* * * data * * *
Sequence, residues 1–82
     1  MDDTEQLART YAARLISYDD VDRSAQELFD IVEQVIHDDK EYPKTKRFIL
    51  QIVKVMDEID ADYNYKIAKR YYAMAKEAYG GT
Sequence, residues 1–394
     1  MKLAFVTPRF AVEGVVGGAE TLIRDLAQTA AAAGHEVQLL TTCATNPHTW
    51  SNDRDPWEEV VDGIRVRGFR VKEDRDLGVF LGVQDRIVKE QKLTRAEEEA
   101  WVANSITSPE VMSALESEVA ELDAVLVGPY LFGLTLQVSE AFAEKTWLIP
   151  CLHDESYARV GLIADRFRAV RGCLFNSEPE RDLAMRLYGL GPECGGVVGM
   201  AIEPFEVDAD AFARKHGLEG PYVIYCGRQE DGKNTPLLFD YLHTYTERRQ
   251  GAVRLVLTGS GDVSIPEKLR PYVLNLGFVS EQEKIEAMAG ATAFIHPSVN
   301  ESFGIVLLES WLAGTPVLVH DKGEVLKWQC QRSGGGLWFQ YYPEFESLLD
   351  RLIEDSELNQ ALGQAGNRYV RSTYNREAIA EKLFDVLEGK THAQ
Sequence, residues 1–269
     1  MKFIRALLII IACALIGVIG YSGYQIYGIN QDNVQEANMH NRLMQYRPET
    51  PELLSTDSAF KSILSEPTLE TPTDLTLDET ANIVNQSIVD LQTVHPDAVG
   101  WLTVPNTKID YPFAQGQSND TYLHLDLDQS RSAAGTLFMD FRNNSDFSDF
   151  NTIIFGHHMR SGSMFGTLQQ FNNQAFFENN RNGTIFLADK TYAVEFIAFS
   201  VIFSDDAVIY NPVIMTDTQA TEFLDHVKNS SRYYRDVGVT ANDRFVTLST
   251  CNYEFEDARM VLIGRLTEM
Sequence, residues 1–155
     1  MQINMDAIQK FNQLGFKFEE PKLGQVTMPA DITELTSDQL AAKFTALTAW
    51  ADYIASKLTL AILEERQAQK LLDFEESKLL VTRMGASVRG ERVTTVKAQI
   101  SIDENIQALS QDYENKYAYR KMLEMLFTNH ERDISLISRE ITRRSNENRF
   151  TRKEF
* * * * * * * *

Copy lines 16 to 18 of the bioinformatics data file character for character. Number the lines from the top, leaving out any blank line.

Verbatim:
   101  WLTVPNTKID YPFAQGQSND TYLHLDLDQS RSAAGTLFMD FRNNSDFSDF
   151  NTIIFGHHMR SGSMFGTLQQ FNNQAFFENN RNGTIFLADK TYAVEFIAFS
   201  VIFSDDAVIY NPVIMTDTQA TEFLDHVKNS SRYYRDVGVT ANDRFVTLST